In one of the few ink-filled pages of the comic, her mother is shown as a storyteller for the first of a handful of times, even though the story itself is still narrated by Merhej herself (figure 3).4 More specifically, the mother does not ‘tell’ the story. The first page of this double-page sequence (read right to left) features one speech bubble repeated across and shared by four different scenarios. In these different settings, the mother narrates the same story to friends, family members, and students. However, the story itself unfolds through visual cues rather than words. The first two tiers in the inclusive speech bubble illustrate the backstory to the main anecdote on the last single-paneled tier: as soon as they made their way back to Turkey, Lena and her siblings were so hungry that they sat on the pavement devouring unwashed fruits from the street. Merhej’s insistence on showing the mother telling the story without actually verbalizing it is reinforced on the opposite page. The mother explains in the last panel of the second tier, “I’ve told his story many times (akhbartu hadhihi al-qiṣṣa mirāran)” but the panel where she would have been shown telling that story is blackened out, matching the background of the last silent panel on the same page as well as the large speech bubble on the previous one (Merhej 51). The verbal interpretation of the story only appears in the form of captions, ascribed to the artist, rather than the mother’s own words.
Through Merhej’s constant enactment of the role of the monstrator, Vali becomes a quiet subject whose ḥikāya can only be implied through the affective frequencies of a quiet visualization of the events of listening. Thierry Groensteen differentiates between the narrative functions of the monstrator and the recitatnt in the comics medium; the monstrative function is “rendering into drawn form of the story” (Comics 86), while the recitative function is the verbal rendition of the narrative through captions and speech bubbles (Comics 86, 92). In this two-page spread, Vali is depicted narrating the story from her own perspective. Yet, her role as a recitant is merely suggested, while the visual perspective of Merhej as the monstrator is foregrounded. In other words, this sequence underscores Merhej’s role as the monstrator, showing the story as she recalls it from her memories and imagination of her mother’s ḥikāya, while Vali’s verbal recitation of her ḥikāya is omitted.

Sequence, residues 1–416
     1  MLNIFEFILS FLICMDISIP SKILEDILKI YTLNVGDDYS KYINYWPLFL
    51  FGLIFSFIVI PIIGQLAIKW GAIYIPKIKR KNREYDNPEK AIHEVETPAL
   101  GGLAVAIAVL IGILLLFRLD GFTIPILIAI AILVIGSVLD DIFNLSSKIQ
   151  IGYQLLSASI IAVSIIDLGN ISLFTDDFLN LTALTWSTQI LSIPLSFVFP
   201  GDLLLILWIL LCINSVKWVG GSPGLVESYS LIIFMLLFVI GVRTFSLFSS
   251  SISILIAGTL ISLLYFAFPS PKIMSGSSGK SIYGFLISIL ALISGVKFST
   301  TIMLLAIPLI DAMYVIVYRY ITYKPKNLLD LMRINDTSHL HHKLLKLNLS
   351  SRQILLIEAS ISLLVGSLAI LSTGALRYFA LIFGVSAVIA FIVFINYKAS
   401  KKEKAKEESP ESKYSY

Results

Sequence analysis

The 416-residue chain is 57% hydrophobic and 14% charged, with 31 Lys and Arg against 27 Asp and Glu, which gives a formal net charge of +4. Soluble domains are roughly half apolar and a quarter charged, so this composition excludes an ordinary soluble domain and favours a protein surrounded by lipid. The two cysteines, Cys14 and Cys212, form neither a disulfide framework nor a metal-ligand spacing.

Merhej’s omission of the mother’s recitative function in these pages is an empathic gesture that recognizes the limits of listening to and retelling Vali’s ḥikāya. She presents aural visuality as simultaneously receptive and interpretive, thereby rendering her unable to adequately recreate the mother’s oral storytelling. In fact, the visible contrast in size between the visualized narrative of the mother on the first page and Lena’s attempt at its exegesis in the adjacent one confirms how the artist’s narrative capacity is limited in its visual rendering of the mother’s voice. The monstration of the mother’s ḥikāya reflects Merhej’s “attunement to [its] sonic frequencies of affect and impact… [to the] ensemble of seeing, feeling, being affected, contacted, and moved beyond the distance of sight and observer” (Campt, Listening 42). In so doing, the double-page spread encourages the reader to fill the voices, moods, and feelings of the depicted characters whose verbal quietness challenges the imposition of a fixed ḥikāya told in her mother’s presumed storytelling style. Nonetheless, Merhej’s choice to fill these pages in with ink, rather than using watercolor like in most of the other pages in the first five chapters, suggests a rare visual neatness that does not transpire often in the comic. As the primary storyteller whose ḥikāya is retold by her daughter, Vali appears a more adept and lucid storyteller than Merhej herself. Thus, the visual texture of the page evokes the persistent and careful insistence on the artist’s belief in her mother’s role in inspiring her imaginative skills without attempting to mimic her mother’s storytelling.
As a visual storyteller, Merhej listens to her mother’s ḥikāya and, in retelling it in sequential images, preserves it by transforming her into a quiet subject of testimony. As Marília Librandi suggests, “real speaking always occurs only in relation to hearing – above all, to having been heard” (178). Murabbā wa Laban is thus characterized by an aural visuality in its emphasis on receptivity and self-reflectivity. The aural in Merhej’s work is a portrayal of receptive listening that, in turn, creates a plurivocal object, a conversation between the daughter and the mother as monstrator and recitant, and artist and reader. This process in turn invites readers to listen empathically to the events that have produced the images before them. The comic text can then be perceived as a visual rendering of an aural affect.